School STEM club wins national design competition with expanding plant pot

School STEM club wins national design competition with expanding plant pot

A Merseyside school’s STEM club membership is on the rise after four of its members won a national competition by inventing an expanding flower pot.

The team of four year 9 girls from Weatherhead High School took first place in the Design Museum’s annual design and enterprise challenge, Design Ventura, with their invention the Petal Pot, beating competition from 328 participating schools and over 14,500 students from across the UK.

The Petal Pot expands as the plant inside it grows, eliminating the need for repotting. One of the students came up with the idea after seeing her mother getting rid of pots that garden plants had outgrown.

Petal Pot

Working on the project for half an hour each week at lunch time, the team developed a polypropylene prototype of the pot, as well as business plans and a pitch for their product, which they presented to judges in London after making it into the competition finals.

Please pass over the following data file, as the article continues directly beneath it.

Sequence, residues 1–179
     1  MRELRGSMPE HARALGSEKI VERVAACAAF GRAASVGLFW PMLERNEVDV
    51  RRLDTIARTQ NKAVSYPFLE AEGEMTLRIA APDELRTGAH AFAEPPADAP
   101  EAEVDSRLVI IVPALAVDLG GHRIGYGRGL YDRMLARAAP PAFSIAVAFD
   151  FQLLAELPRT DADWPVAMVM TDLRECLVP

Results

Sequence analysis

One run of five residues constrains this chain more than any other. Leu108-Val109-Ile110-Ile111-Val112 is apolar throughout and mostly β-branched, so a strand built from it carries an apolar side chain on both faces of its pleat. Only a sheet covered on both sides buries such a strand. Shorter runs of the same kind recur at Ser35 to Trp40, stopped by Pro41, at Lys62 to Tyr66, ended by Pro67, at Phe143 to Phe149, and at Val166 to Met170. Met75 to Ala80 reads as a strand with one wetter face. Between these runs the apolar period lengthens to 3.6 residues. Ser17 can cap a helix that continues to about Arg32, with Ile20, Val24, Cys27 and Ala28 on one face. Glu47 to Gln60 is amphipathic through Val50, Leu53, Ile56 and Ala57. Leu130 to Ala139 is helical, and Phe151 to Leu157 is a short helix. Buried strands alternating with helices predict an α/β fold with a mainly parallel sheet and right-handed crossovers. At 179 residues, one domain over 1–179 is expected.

As their prize for winning, the pupils’ invention will now be properly manufactured and sold to the public at the Design Museum’s London shop.

“The girls will be working with designers and retail specialists to make the product. There’s a lot of personal development and real, valuable experience there,” said Rhiannon Pearson, the school’s DT teacher. “We’ll be buying a couple.”

As a result of the foursome’s success at the competition, interest in the school’s weekly lunchtime STEM club has increased.

“We only had the four girls as members initially, but now it’s grown to just over 20 as a result of this competition,” Pearson added. “We’ve publicised it in school and the girls have talked about it as well, and pupils have been saying ‘oh wow, you’ve been going to London? Wow, you’re having it made?’ They’ve developed a real enthusiasm about it.”

Fairmead School in Somerset took second place in the competition with a plate that has a thumb dent in it to help with carrying, and Hans Price Academy in Somerset came third with Plate Mate, an attachment that holds toast so your plate remains free for other food.